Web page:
Globalization is under fire in some developed economies. But in parts of the Americas voters are embracing leaders looking to deepen integration and trade. Bloomberg Benchmark will publish a series of conversations with regional thought-leaders on the topic of globalization. We start with Ricardo Lagos, the first left-leaning president of Chile to be elected after military dictator Augusto Pinochet left office in 1990. Bloomberg's David Biller conducted the interview, which has been condensed.
What is the greatest challenge for leaders in Latin America and Chile promoting free trade now?
Globalization is here to stay and will be the 21st century reality, but doesn’t benefit every sector equally. As such, globalization has to have certain rules on an international level, but also globalization obliges every country in particular to ensure benefits reach all.
You are from the PPD party, which came from the Socialist party, but you signed several free trade agreements during your presidency. Why is it that Chile has such a fundamentally different view towards globalization than the rest of the region? Is that a product of the nation's size?
I'll refer to a phrase of Mandela, who said globalization is like winter. We know it’s coming. What you have to do is prepare and have dry firewood and also shelter. Facing this phenomenon, there are many different reactions, just as every trade agreement negotiation is different. If you're a big country, like Brazil, you defend the big internal market you have. When you're a small country like Chile, what we have to defend is very small. So it isn't true that one size fits all. It depends on every country. Chile decided to open itself to the world.
What is the optimal way for countries to handle immigration policy in a globalized world, particularly as humanitarian crises – like, perhaps Venezuela could become – provoke waves of refugees?
It can't be that everything is globalized except the right of a human being to change his residence. What’s happening in Europe is a result of the drama of Syria and the Middle East, and the others we know. How many Europeans that couldn't eat in the 19th century did Europe send to America? That's sometimes forgotten.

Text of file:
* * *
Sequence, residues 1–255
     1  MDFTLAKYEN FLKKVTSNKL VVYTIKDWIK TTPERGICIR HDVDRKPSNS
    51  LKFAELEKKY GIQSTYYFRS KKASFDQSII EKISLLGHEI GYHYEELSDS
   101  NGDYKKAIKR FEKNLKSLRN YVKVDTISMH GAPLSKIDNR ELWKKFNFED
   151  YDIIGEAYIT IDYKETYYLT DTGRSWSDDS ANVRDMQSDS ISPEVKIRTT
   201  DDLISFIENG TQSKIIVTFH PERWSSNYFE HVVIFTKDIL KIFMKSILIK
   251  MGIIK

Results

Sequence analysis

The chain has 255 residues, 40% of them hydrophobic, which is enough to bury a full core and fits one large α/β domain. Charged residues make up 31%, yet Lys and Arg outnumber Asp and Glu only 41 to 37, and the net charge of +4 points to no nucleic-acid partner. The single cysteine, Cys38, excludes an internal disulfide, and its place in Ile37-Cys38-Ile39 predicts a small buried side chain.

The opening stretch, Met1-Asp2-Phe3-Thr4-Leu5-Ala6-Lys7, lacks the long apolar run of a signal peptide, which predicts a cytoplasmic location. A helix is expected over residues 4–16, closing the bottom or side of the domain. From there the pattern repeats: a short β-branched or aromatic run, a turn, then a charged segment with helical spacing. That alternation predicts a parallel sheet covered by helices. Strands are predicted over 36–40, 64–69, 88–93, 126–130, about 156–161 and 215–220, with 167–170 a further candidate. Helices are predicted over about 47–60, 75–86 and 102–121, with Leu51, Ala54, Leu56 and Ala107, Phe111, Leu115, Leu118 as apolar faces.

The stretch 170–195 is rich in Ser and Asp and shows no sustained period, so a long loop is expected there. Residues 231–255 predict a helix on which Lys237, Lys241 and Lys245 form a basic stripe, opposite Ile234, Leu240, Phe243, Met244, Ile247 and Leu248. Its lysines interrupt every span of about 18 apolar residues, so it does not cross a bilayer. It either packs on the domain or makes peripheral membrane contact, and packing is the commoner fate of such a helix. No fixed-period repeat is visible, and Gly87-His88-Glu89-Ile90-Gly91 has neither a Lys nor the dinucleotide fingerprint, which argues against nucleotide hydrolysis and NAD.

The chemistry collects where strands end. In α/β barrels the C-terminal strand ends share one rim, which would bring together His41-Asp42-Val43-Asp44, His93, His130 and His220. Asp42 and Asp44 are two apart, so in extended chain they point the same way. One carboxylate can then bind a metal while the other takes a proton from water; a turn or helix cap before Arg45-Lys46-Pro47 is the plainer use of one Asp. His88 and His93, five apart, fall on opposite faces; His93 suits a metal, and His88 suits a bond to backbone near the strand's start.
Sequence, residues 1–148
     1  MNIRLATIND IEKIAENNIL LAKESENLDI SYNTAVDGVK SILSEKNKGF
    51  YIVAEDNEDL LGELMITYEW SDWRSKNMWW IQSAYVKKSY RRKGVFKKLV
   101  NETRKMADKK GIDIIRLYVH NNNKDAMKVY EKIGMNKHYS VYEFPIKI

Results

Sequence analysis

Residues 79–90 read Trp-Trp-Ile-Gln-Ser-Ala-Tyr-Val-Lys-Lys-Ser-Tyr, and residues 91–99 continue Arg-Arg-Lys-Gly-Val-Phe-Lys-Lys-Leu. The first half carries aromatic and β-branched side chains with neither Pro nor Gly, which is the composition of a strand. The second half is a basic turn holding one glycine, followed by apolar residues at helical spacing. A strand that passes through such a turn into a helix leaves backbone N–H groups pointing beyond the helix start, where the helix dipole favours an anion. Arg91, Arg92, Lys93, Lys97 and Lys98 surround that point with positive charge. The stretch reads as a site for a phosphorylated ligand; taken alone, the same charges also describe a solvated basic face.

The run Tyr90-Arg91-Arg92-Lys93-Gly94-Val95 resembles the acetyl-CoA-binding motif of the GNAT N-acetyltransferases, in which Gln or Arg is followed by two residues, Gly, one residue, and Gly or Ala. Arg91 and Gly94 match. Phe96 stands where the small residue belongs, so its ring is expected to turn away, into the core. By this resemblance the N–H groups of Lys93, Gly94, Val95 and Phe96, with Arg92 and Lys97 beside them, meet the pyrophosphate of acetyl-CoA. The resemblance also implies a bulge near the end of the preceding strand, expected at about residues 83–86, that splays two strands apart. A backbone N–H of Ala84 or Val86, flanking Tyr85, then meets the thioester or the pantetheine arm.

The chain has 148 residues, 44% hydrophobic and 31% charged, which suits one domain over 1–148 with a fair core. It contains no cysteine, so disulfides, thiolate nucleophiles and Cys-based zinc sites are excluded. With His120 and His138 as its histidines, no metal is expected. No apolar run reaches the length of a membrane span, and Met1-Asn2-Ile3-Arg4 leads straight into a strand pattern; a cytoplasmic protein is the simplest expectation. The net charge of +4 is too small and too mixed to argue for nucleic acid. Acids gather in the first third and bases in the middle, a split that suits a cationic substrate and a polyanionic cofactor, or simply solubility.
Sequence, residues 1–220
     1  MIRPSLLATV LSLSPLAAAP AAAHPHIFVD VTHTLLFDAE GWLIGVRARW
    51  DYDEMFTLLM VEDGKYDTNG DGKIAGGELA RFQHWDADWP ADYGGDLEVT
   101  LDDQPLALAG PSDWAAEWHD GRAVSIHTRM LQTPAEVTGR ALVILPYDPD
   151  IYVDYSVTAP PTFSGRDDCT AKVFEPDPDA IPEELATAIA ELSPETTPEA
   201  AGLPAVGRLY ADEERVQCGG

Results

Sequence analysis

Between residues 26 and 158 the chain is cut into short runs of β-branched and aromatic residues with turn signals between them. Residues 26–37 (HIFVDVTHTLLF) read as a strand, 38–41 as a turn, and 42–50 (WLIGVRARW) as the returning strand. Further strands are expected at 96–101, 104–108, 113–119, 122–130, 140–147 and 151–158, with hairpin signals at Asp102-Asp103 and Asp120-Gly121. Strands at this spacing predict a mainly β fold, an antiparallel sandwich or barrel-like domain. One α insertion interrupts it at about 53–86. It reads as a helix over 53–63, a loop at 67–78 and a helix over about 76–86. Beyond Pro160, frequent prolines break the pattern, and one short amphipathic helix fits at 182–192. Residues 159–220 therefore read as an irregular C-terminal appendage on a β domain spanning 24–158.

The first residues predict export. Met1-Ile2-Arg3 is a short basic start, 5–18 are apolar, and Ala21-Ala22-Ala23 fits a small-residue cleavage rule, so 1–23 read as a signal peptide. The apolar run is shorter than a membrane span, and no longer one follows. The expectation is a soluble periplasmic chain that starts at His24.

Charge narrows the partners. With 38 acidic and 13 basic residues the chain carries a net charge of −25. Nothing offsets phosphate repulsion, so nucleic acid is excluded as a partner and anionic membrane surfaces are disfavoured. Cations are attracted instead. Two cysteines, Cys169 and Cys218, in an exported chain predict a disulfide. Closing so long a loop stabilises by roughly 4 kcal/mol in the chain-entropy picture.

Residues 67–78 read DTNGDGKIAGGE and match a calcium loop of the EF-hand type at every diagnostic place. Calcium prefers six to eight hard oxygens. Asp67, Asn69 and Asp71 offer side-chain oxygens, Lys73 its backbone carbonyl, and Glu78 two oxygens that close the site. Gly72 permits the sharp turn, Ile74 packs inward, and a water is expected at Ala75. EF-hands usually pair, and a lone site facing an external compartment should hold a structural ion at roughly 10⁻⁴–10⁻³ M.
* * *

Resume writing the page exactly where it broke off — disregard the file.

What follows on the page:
There's a click and you send billions of dollars from one country to another. If you attempt to treat the migratory phenomenon like an issue of domestic policy, you wind up building walls.
What is the best way to distribute gains to the lowest social classes without deficit spending?
Distribution of revenue as measured by the Gini coefficient* in OECD countries before taxes averages 0.48 and after taxes is 0.32. In Latin America, there’s no difference before and after taxes. So inequality has to be significantly different after taxes versus before. There are tax systems that aren’t in accordance with the most elemental norms of a good tax system. And those of us who are presidents know how hard it is to broach this topic.
It's not about repeating the errors of the European nations that spend in excess. But yes, I think, there are measures. Of course, in Europe, why is there this complaint about migrants? Because they say these migrants will have access to the health system that we who live here pay for. But also migrants often allow them to resolve the demographic issue.
What is your favorite film that represents the success or failure of globalization and why?
The big topic of globalization is that it tends to homogenize tastes, cultural systems. How can countries defend their own cultural identities? The issue is very complex. Bollywood of India has a lot to do with that.
*The Gini coefficient is a measure of inequality with 1 being the most unequal and zero representing perfect equality.